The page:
So why beat up your brain?  That is just going to make it weaker and more ill. 

The brain is kind of like a small child in our care.  We treat it with respect and understanding, encouragement and consolation.  We don't beat it up.  Your brain is doing the best it can given everything influencing it.   And its going to continue doing the best it can given everything influencing it. 

I hope you will find a way to have some compassion for your brain.  Depression can make that difficult but even a tiny effort at being compassionate towards your brain is a great virtue.

Apologies if anything I have said has not being helpful or if anything I have said has made you feel worse.  It is so hard to know what to say to someone who is suffering. 

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On 1/17/2022 at 8:00 PM, nojoy said:

Hello, I'm sorry you are going through all this.  I am dealing with the same situation & don't know what I can do to remedy the situation.  Just know you're not alone & I hope that the answers will come.

Thank you so much. It's the hardest thing I've ever been through. It's not something I expected to be dealing with at age 33, but that's life. The hardest part is just seeing how the system is set up to profit off of people's pain rather than to help them.

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11 hours ago, Epictetus said:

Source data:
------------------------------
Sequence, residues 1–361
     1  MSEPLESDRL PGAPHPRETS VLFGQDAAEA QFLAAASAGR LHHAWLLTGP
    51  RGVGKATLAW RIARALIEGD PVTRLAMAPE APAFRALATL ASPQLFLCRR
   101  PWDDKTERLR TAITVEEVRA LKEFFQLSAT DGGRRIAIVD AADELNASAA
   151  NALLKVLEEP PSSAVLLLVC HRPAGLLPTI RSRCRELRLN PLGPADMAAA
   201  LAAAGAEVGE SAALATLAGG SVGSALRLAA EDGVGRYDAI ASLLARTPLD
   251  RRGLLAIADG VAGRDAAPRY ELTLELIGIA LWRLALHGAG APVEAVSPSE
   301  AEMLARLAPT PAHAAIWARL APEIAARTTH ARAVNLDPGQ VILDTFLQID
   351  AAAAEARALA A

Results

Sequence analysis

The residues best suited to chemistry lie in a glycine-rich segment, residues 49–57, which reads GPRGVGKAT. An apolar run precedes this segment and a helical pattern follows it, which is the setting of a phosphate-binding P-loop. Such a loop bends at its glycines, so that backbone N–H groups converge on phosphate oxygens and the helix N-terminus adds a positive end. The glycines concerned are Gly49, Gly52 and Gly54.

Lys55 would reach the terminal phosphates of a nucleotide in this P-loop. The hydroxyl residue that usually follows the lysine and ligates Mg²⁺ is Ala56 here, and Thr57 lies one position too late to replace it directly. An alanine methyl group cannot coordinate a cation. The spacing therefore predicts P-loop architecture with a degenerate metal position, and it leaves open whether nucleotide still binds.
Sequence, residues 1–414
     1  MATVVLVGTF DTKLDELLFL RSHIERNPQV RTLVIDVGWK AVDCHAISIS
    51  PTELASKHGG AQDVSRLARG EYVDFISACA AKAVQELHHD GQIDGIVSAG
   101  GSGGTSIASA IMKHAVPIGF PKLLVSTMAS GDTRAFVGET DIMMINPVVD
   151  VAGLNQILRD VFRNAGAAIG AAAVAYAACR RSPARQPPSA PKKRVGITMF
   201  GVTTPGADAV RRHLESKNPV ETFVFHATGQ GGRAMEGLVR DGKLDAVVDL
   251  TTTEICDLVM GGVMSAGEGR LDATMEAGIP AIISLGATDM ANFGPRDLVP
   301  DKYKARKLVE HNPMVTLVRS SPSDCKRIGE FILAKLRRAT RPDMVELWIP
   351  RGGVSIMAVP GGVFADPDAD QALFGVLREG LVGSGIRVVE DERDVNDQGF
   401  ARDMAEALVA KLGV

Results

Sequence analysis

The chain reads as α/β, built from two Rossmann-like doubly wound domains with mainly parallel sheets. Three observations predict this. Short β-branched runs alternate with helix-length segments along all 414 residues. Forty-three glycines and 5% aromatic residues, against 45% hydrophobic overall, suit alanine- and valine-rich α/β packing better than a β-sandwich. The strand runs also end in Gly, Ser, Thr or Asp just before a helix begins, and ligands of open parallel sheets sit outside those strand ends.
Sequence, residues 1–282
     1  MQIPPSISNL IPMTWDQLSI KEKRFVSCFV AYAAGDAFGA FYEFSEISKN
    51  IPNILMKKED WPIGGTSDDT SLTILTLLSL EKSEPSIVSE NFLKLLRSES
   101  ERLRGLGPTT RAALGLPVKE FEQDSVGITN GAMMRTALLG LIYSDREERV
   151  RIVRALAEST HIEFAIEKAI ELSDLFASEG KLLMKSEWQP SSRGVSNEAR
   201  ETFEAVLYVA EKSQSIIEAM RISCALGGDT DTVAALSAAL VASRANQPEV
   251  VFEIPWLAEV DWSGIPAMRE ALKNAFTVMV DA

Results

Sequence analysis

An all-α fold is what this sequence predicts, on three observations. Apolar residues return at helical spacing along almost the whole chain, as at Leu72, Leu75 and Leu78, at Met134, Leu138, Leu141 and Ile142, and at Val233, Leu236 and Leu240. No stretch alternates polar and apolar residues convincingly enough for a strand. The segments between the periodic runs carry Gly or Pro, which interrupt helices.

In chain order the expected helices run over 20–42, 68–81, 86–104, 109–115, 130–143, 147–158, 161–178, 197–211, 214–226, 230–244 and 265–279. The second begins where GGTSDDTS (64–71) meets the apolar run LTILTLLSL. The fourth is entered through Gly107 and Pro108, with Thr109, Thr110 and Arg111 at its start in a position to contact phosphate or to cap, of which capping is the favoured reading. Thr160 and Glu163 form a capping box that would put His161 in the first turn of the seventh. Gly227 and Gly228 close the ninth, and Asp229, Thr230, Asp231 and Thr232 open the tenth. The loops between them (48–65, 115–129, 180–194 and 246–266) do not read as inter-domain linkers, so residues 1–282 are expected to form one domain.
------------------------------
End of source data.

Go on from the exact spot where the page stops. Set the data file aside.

What a heartbreaking situation.  Wish I knew excatly what to say that would help. 

I think you are being way too hard on yourself.  Medical conditions are the result of genetics, environment and the choices the person who is ill has made or not made.  The idea that the situation that your father is experiencing has you as its cause is a terrible oversimplification of what are in fact many and complex factors. 

Some of your fathers ills are sadly caused by genetics.  Others are caused by actions your father has made in his life.  I'm not blaming him, you understand.  Most people sort of stumble through life on autopilot. 

We often are profoundly influenced by external factors in the decisions we make.   Perhaps we don't do the best we can if that is looked at in a vacuum.  But we usually do the best we can given everything influencing us moment to moment. 

For you to blame yourself for what happened and is happening to your father is not fair to you or to fairness itself. 

Since you are afflicted with depression, depression has a lot to do with what you do.  It is a powerful illness with a powerful hold over those afflicted with it.